The eyes should be dark and not prominent. The ears should be set on low, of good length and not prominent.

Neck.-Should be strong, of good length, and muscular; set on slop. ing shoulders.

BODY.-Should be massive, of good length and well ribbed up, any weakness or slackness of loin being a bad fault. The chest should be large and very deep ; the sternum prominent.

FORE LEGS.-Should be short and very powerful, very heavy in bone, and either nearly straight or half-crooked. The elbows should lie against the sides of the chest, and should not turn out.

HINDQUARTERS.-Should be powerful and muscular; the hind legs should be rather longer than the fore legs, and well bent at the stifles.

STERN.-Of moderate length, and carried gaily. It should be set on high.

Coat.-Is an extremely important point. It should be profuse, thick and harsh to the touch, with a dense undercoat. The coat may be wavy.

COLOUR.-Any recognised hound-colour.
Weight.-Dogs, 40-45 lbs. ; bitches, rather less.

GENERAL APPEARANCE.—The rough basset should appear a very powerful hound for his size, and on short strong legs. The feet should be thick, well-padded, and not open. Body massive and good length, without slackness of loin. The expression should be kindly and intelligent. Any unsoundness should disqualify the hound. Point Values

Head and ears .
Body, including hindquarters
Legs and feet .
Coat ,
Basset “character ” etc.

Total . . 100 For my illustrations I have been fortunate in obtaining three honnds from Mrs. Tottie's famous kennels. Ch. Louis le Beau, by Ch. Paris ex Gravity, was born in 1891, and during his phenomenal career won fifteen championships, and other prizes innumerable. The vignette of the head of Maid Marion, a daughter of Ch. Forester, indicates the most beautiful type of basset countenance and expression. In rough bassets Ch. Tambour, the winner of nine championships, represents a pillar of the stud; and the second illustration, Ch. Puritan and Ch. Priscilla (from an oilpainting by Mr. B. Fee), are two of his progeny, and belong to Mr. H. H. Taylor. These five famous hounds represent the crême de la crême of basset-hound blood in England, and were bred by Mrs. Tottie.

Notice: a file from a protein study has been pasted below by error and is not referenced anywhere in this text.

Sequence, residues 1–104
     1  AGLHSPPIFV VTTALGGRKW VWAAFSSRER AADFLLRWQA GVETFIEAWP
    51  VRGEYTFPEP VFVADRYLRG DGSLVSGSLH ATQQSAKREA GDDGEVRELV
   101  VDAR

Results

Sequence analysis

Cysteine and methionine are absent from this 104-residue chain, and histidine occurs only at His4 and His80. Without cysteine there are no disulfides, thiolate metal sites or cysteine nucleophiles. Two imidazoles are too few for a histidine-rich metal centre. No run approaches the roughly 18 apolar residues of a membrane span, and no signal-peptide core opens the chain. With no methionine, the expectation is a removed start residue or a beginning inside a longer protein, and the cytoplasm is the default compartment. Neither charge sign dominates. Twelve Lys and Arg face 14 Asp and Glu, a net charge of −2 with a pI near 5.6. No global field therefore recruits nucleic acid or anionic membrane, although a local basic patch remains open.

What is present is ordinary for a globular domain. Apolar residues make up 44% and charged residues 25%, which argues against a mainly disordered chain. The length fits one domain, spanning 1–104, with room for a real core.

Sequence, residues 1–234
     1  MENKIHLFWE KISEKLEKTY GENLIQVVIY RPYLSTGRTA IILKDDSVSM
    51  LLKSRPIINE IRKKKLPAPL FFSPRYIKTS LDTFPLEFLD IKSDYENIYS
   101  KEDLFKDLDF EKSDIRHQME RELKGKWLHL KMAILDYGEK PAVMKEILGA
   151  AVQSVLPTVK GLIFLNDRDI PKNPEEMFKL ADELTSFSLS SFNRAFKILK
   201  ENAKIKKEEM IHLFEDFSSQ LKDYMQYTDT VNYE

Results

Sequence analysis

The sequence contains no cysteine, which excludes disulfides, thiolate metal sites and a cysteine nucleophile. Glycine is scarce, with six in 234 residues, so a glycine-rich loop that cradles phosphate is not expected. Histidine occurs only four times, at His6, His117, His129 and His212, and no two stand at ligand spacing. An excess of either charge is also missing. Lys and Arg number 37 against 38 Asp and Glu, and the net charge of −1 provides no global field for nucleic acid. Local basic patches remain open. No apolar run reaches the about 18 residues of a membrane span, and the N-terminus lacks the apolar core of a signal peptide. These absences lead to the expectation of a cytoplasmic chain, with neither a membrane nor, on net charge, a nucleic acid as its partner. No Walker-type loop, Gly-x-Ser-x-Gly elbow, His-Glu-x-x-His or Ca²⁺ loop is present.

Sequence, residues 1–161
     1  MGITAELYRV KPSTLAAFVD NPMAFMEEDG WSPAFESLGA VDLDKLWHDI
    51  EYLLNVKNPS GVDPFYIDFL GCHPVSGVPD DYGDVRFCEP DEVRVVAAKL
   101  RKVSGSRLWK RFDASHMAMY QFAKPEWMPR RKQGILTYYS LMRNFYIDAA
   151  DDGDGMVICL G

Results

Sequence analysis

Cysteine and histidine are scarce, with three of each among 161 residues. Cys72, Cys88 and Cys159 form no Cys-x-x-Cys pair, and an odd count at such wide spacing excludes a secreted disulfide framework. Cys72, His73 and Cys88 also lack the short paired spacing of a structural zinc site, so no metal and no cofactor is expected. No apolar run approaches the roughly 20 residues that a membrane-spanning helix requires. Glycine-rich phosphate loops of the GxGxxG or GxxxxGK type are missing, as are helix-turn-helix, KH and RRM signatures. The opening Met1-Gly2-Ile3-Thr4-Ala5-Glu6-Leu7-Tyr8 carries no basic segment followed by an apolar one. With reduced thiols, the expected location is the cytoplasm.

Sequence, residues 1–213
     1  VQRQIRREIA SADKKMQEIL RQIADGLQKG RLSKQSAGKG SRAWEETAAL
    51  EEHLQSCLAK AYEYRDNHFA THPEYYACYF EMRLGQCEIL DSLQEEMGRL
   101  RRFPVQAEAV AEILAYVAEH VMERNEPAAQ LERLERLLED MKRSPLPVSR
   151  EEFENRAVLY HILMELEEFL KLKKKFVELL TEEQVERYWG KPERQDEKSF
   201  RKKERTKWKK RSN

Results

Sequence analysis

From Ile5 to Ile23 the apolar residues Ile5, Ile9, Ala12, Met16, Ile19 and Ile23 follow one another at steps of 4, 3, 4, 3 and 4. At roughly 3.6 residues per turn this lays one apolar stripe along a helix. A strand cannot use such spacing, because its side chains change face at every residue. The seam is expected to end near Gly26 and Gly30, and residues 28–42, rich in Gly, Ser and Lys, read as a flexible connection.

The descent of the beagle has been traced to the time of the Plantagenets by writers who have sought to ally it with the brach, brache, or bratche, and some of its admirers claim for it the honour of being the oldest of our modern hunting hounds. Without admitting the Plantagenet antiquity we may accept a Tudor one, for it is certain the little hound was a well known variety in the days of Queen Elizabeth, who kept a pack of “singing” beagles, as they were called, made up of such diminutive component parts that it was asserted a specimen could be carried in a lady's gauntlet. This oft-quoted fact has been condemned as an exaggeration by some critics of the exact, and a casual glance at the costumed figure of the Virgin Queen, seated on horseback, which may be seen at the Tower of London, does not lend any air of authority to the statement; nor, again, do any of the costumes in which she is depicted in her four oil portraits in the National Gallery. Notwithstanding, when we consider the cut of some species of mediæval gloves I think we may allow the physical possibility of such a depository for a dwarf hound, and I doubt not that many modern toy-dogs could have fitted comfortably into many ancient gauntlets.

Queen Elizabeth was not the only monarch to patronise the merry little hound. William of Orange,

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who introduced the pug into England, also kept a pack, and there is a record of a hunt at the Duke of Portland's seat, which was attended by four hundred mounted gentlemen. A century and a quarter later another English king—George the Fourth—patronised beagles, and hunted with them on the downs at Brighton, and in one of his portraits he is painted with his pack around him. History does not tell us whether he rode straight and hard, but we know His Majesty was a

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famous whip, and held the record for some time for the fastest drive between London and Brighton. And of his pack it is recorded that they could cover the ground at a surprising pace, and required a good horse to keep up with them. It is also a fact, I believe, that the late Prince Consort kept a pack of very small pure white rabbit beagles.

This reads rather strangely in these modern days, when the very name of a beagle pack is associated solely with a field on foot. Thus in the list of packs of hounds catalogued under the generic name of

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